The Accountability Cycle - Audit
The audit is a formal, independent review of all Band revenues and expenditures for the fiscal year. It is conducted in accordance with generally accepted accounting principles. Essentially, the audit is a "report card" of the financial management and fiscal health of the First Nation.
The significance of the audit is the fact that it is an independent, third-party review conducted by accounting professionals. Because these professionals use generally accepted accounting principles, the community and the funding agencies are assured that the results of the audit are objective and reliable.
The auditor's job is to determine the completeness and fairness of the financial statements in all material respects. Material means that the auditor does not review each and every financial transaction; it means an adequate review is done to provide a written professional opinion on the financial statements.
In conducting the assessment, auditors will use much of the documented financial information available to them. This information includes the funding agreement, fiscal policy, fiscal plan, and final program budgets, revenue forecasts, cash management reports, expenditure and variance reports, and the mid-year and year-end reports.
There are important issues to consider when undertaking the audit.
1) Appointing an Auditor
To be qualified, an auditor must have completed special training. As well, s/he must be a member in good standing with a professional accounting association that is recognized by the province or territory where the First Nation or organization is located.
Some Bands may use a tendering process to choose an auditor. The purpose of tendering is to ensure that the Band obtains the services it requires, at the best possible price. While it is not necessary to tender every year; it should be considered every three to four years. When choosing an auditor, the Band Council should consider price, services offered, and conditions of acceptance, as well as the auditor's reliability. Another important consideration is an auditor's experience with First Nations operating environments. The "learning curve" for auditors unfamiliar with Band operations and with the various and changing conditions of funding agreements, significantly impacts on the amount of time (which equates to fees charged) that an auditor will require to spend completing the audit. We have included a sample invitation to tender letter for your use (see Sample Audit Letters).
When the Band has selected an auditor, a letter of appointment should be sent. In response, the auditor normally prepares a "letter of engagement." This letter should outline the needs of the Band, the Band's commitments to the auditor, and the auditor's commitments to the Band. Samples of these letters have been provided.
It is important the Band's management team has an interim meeting with the auditor to discuss what the auditor's information needs will be at year-end. In order to negotiate costs and time commitments with the auditor, the Band is required to make a commitment regarding timing and types of information that needs to be made available to the auditor. There are year-end working papers that staff may need to prepare for the auditor. The Band should receive a letter from the auditor which summarizes information requirements.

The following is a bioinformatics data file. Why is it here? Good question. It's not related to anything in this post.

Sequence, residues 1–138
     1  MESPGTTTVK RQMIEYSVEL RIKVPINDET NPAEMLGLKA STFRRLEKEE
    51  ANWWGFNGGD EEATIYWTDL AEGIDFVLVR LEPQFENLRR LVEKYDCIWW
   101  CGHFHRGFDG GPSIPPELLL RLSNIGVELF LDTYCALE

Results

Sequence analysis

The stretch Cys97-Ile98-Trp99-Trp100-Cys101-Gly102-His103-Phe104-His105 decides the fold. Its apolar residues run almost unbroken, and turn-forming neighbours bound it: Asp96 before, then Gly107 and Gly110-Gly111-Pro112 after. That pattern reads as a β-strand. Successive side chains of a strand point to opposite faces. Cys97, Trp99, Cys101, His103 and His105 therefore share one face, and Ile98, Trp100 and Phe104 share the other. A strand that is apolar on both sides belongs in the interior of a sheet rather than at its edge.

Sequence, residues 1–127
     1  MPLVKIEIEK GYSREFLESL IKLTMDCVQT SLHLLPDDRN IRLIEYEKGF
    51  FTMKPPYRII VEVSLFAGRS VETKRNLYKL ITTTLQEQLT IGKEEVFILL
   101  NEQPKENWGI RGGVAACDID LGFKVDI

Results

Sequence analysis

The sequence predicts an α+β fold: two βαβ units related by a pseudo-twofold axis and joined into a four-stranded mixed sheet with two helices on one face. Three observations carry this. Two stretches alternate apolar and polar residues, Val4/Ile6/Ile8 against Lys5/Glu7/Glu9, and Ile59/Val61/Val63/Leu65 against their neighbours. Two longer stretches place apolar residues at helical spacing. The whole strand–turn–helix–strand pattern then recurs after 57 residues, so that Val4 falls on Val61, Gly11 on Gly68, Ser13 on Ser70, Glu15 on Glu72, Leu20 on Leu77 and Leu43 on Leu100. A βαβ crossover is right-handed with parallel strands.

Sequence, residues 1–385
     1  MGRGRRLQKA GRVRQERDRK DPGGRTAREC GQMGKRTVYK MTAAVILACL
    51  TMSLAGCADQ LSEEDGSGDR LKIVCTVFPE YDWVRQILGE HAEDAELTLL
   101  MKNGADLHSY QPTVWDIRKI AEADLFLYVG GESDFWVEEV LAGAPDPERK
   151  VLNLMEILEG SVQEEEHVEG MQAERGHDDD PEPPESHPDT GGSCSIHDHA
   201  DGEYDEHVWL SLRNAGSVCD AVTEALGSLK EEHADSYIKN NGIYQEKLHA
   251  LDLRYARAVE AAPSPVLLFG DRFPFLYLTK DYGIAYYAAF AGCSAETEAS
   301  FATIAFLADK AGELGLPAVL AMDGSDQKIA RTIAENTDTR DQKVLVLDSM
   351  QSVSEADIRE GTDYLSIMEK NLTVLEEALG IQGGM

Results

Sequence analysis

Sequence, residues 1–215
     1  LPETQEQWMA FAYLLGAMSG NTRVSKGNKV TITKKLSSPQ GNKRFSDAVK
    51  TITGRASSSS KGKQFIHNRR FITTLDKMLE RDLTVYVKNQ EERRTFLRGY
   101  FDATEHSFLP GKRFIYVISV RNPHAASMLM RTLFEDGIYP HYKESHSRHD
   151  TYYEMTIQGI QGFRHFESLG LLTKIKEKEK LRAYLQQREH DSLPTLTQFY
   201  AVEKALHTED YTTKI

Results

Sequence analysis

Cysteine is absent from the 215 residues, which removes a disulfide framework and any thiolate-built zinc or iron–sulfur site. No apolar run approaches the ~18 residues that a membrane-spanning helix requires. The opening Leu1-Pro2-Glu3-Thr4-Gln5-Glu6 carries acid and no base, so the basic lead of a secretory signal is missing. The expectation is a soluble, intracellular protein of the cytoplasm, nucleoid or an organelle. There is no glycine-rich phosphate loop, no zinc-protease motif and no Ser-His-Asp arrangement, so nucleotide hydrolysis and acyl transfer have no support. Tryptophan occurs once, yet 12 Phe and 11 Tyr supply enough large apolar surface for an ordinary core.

It is important to remember that if records are incomplete, the auditor and his staff will be forced to complete or attempt to reconstruct missing information. This will add significantly to the costs incurred by the Band.
2) Timely Completion of Audit
The audit must be completed within a reasonable period of time following the March 31 year-end. Indian and Northern Affairs Canada has established that a reasonable period of time is 90 days (June 30). Funding for the new year can be restricted or withheld until the completed audit is submitted.
Completing the audit by June 30 means the Band must engage the auditor early (and not wait until the last minute), gain the auditor's commitment to begin work at year-end, and have the proper records and staff available to the auditor when required.
3) Checklist of Information Requirements for the Audit
4) Completed Audit Requirements
Included in the audited statements will be the auditor's opinion. This opinion is an assessment about the validity of the financial statements as a reflection of the Band's financial position (i.e., how well do they present the Band's situation?). The auditor must present a draft of the audit to Chief and Council, provide an explanation of the statements, and be available to answer any questions regarding the audit report before it is finalized. Included in the audited statements will be the auditor's opinion.
The Auditor should also provide a "Management Letter" which identifies areas for improvement in the First Nations financial systems. The Financial Controller should be tasked with ensuring such matters are dealt with in order to avoid future problems.
Timing and Responsibilities: